Walk by the wall

People  exist only if I can see them – I can see who’s in front of me but not anyone who’s

Kid Riding A Three Wheel Scooter Clipart

Kiddie on a mini-scooter, courtesy of Classroom ClipArt.

behind me. That’s a big problem when I am walking along the pavement, particularly if it is at ‘school IN’ or ‘school OUT’ time. That’s when there are so many young children, often on little mini-scooters racing ahead of mum who’s pushing a buggy. No one is to know that the person in front of them cannot hear: cannot hear their shouts and chatter, the whirring wheels, mum calling out. For me, they just do not exist, because I cannot see them.

It’s up to me to make life less hazardous for myself and for them too. How? I walk along the pavement on the side by the wall (or the fence, or the building, or whatever), not in the middle and not next to the road. When I’m on the wall side, people can walk or scoot past safely. And I know I can  be overtaken on only one side. That’s very important, because it lessens the risk.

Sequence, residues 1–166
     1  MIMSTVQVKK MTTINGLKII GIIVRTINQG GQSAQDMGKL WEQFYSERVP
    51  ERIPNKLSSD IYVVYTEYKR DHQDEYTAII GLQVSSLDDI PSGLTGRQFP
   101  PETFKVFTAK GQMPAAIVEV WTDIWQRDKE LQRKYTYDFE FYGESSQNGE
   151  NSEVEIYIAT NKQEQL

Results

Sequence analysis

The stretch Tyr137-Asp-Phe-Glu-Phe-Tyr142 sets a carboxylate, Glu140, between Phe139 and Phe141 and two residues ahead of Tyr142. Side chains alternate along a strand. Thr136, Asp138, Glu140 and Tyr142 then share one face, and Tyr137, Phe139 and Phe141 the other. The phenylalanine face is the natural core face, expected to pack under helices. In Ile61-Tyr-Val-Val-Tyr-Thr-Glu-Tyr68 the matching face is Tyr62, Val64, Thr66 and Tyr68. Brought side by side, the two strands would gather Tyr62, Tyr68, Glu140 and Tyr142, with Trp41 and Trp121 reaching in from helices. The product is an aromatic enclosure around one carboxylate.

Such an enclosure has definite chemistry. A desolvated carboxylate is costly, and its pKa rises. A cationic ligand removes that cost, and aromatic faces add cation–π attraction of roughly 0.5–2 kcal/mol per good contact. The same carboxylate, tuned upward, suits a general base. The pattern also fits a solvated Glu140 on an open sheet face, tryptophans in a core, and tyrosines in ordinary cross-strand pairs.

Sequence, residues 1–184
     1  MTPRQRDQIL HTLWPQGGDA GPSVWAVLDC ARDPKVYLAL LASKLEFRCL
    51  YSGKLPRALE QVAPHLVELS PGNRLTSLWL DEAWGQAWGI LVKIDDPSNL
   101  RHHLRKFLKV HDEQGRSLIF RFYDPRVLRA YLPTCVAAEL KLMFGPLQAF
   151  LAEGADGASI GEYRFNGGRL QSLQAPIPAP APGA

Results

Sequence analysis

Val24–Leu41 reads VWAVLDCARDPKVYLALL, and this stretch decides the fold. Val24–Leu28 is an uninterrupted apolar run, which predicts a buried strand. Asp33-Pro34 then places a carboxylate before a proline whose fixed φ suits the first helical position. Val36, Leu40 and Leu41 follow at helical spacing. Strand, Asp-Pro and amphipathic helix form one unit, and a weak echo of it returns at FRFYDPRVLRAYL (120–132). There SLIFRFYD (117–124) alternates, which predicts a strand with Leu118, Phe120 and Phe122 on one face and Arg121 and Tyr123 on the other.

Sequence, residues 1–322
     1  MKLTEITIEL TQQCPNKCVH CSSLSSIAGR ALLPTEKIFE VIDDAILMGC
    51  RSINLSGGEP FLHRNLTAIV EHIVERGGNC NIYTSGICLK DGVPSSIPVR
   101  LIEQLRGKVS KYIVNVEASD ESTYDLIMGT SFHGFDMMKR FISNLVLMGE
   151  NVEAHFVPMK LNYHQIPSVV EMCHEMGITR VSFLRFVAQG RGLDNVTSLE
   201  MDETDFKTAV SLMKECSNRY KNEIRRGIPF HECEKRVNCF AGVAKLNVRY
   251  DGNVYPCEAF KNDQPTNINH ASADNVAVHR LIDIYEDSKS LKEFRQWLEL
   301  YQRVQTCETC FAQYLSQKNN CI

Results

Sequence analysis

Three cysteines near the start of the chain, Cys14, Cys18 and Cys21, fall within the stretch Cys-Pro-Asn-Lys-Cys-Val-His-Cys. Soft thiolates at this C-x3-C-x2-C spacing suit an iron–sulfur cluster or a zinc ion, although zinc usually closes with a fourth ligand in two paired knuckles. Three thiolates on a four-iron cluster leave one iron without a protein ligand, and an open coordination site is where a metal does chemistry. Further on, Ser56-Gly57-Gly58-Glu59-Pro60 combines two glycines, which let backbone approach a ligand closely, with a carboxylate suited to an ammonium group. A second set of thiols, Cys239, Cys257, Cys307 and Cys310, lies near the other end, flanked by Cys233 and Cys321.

Always remember that if you have a problem with your hearing (or with your vision) the most dangerous place to walk is in the middle of the pavement: nobody can get past and you are liable to be overtaken on either side. So walk on the wall side. Simple, really.

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